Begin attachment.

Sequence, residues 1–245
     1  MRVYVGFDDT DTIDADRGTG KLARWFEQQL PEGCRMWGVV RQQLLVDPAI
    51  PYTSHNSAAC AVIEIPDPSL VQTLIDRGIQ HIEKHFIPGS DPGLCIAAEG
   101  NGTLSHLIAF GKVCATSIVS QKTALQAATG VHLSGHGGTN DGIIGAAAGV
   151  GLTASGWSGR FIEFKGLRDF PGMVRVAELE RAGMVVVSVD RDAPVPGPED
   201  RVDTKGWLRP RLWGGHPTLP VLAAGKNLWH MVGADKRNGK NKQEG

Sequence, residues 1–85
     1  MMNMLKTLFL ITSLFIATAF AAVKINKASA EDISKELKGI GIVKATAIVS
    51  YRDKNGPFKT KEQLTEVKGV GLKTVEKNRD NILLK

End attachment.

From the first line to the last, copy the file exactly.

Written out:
Sequence, residues 1–245
     1  MRVYVGFDDT DTIDADRGTG KLARWFEQQL PEGCRMWGVV RQQLLVDPAI
    51  PYTSHNSAAC AVIEIPDPSL VQTLIDRGIQ HIEKHFIPGS DPGLCIAAEG
   101  NGTLSHLIAF GKVCATSIVS QKTALQAATG VHLSGHGGTN DGIIGAAAGV
   151  GLTASGWSGR FIEFKGLRDF PGMVRVAELE RAGMVVVSVD RDAPVPGPED
   201  RVDTKGWLRP RLWGGHPTLP VLAAGKNLWH MVGADKRNGK NKQEG

Sequence, residues 1–85
     1  MMNMLKTLFL ITSLFIATAF AAVKINKASA EDISKELKGI GIVKATAIVS
    51  YRDKNGPFKT KEQLTEVKGV GLKTVEKNRD NILLK